Mandalay Colors

In order to get to our Myanmar flight we needed to leave Bangkok during rush hour, the taxis would have been very expensive so the only budget option was to take the sky train to a station close to the airport and then a taxi from there. But once we were about to leave, we saw this other backpacker waiting for a taxi so we asked him if he wanted to share, he said yes so we last minute took a comfy taxi for half the price!

Our Air Asia flight was late and cramped as usual but the moment we arrived at Mandalay, Myanmar we just had a smile on our faces. The vibe, the people…. Everybody is just nice and welcoming. It might have been that we just came from rude Thailand but this place is charming. Also it happened to be the day when Myanamar first civilian president in decades took the oath so people were really happy as progress will come (Myanmar had a military ruling for many years). Fun fact: Myanmar previous name was Burma, but in 1989 the ruling military junta decided to officially change the name.

We were supposed to take a free Air Asia shuttle bus to the city center that is about 35 km away, but that bus never showed up (hello 3rd world!!). There were around 15 tourists on our flight so we decided to group with some of them and share a taxi at $2 a person. The drive to the hotel was nice; there is absolutely nothing around but temples, a very bizarre sight.


The hotel staff welcomed us with fresh juice, smiles, a map with good restaurants circled in it and our room key ready. We walked to the #2 best Mandalay restaurant and what a culinary experience we had. On the way there we got intercepted by this nice taxi driver that offered his services to us, we couldn’t resist the laziness of an air-con car instead of walking on a 110 degrees weather, and as you can see in the next photo, the streets here are more like obstacle courses full with booby traps… not really walkable.



We came to Myanmar afraid of the food thanks to Anthony Bourdain not liking it in one of his shows, but we were pleasantly surprised. We order a tamarind salad, spicy red chicken curry, fried mushrooms and the local beer named “Myanmar” (very creative). What we were not aware of is that here they bring you a bunch of free small plates to compliment your main dishes.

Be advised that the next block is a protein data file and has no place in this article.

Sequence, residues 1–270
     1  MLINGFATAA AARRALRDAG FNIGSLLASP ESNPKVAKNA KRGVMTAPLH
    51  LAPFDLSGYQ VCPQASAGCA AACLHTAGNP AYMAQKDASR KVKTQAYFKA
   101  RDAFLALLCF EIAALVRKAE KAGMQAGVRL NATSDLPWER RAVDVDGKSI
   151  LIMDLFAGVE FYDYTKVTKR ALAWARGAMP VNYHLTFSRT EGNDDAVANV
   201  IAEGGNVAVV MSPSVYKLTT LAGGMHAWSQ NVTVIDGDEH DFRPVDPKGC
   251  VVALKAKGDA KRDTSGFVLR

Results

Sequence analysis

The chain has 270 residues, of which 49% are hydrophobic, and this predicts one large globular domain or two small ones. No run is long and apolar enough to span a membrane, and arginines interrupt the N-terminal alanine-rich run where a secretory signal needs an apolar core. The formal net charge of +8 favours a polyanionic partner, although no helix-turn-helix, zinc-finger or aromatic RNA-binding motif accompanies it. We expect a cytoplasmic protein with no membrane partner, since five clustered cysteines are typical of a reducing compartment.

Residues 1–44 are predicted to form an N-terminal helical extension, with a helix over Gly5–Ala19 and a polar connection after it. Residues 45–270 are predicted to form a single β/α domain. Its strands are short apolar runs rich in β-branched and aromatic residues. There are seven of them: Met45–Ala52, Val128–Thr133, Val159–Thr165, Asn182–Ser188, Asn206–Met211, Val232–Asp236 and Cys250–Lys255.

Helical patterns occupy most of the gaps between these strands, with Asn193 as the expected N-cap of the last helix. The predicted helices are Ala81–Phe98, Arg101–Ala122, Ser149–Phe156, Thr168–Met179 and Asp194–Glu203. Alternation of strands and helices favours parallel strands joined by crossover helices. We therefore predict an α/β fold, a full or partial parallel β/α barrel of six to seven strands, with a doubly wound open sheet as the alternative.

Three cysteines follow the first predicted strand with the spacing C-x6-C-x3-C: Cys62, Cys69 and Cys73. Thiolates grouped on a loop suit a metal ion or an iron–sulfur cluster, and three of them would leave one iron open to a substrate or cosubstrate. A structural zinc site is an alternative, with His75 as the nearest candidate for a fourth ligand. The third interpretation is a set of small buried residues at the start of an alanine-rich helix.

We don’t know what all of them were, but we got mushroom curry, white bean curry, marinated artichoke (maybe), potato curry, vegetable plate with spicy fish sauce (Eitan’s worst nightmare in Asia is fish sauce that is used almost in every dish), bamboo shoots soup and for dessert we got fermented tea leaves and roasted nuts. It was incredible and it came up to less than $10. An interesting fact about Burmese cuisine is that it’s very oily; they use the oil to kill all bacteria in the food, so they recommend removing the first oil layer of your food before eating.


Our taxi driver waited for us to eat and after Eitan expressed interest in buying a Longyi (a sarong-like lower-body garment worn by men and women across the land, he took us to a local store so Eitan can buy one. You can see them making them here by very skilled women.



The had a lot of prices depending on the quality, cotton or other fabrics, thicker or thinner, patterns. Of course Eitan with his refined taste in these skirts liked the more expensive one so after trying it with the help of our taxi driver and learning how to tie it down Eitan is now a proud owner of Longyi.


We stopped first at these lion statues in front of Chinthe, the entrance to Mandalay Hill where we will watch the sunset. These lions are the Mandalay symbol.


We then drove all the way up  Mandalay hill (only 800 ft) where there is a stunning temple called Sutaungpyei Pagoda from where you can see the sunset.  The temple was unique and beautiful, very colorful and with the sunset lighting it just looked magical.


The temple has incredibly detailed and colorful murals all over.





We walked around, took some pictures of the monks and waited for the sun to disappear over Mandalay’s horizon.


We then headed back to the hotel to chill a little but before we headed to the Chinese restaurant to eat. The guidebook recommends eating Burmese food during lunch and Chinese at dinner because as the curry leftovers made during lunch will be sitting there for hours until dinner and that could potentially make us sick. The Chinese food was good but nothing spectacular but the waiters were all young kids that were very courteous and friendly.

Tomorrow we leave for Bagan, the city of of the 3000 temples!


Bonus Pic Of The Day: One of Myanmar’s favorite local dishes is the Fried Vegetarian Jew with Peanut (Item #14), that’s right! here they don’t like Jews who don’t eat meat so they fry them. We tried to order it but unfortunately our waiter sadly told us that Jew season is over. I guess we cannot be called cannibals just yet.

On a serious note, a Jew (vegetable) is nutritious leafy vegetable with a long history and a variety of names. First cultivated in Egypt, it is sometimes known as Egyptian spinach, as well as Jews mallow for its role as a food staple in ancient Jewish culture.


One Comment Add yours

  1. danlwolf says:

    So, are all these temples used or are they just tourist attractions?


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